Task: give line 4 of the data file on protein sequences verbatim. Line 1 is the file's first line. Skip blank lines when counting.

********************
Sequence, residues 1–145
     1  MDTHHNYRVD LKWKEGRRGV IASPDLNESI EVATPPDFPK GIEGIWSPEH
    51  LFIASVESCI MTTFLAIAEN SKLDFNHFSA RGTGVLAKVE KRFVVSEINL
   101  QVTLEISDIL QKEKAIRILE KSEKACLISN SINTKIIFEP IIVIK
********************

   101  QVTLEISDIL QKEKAIRILE KSEKACLISN SINTKIIFEP IIVIK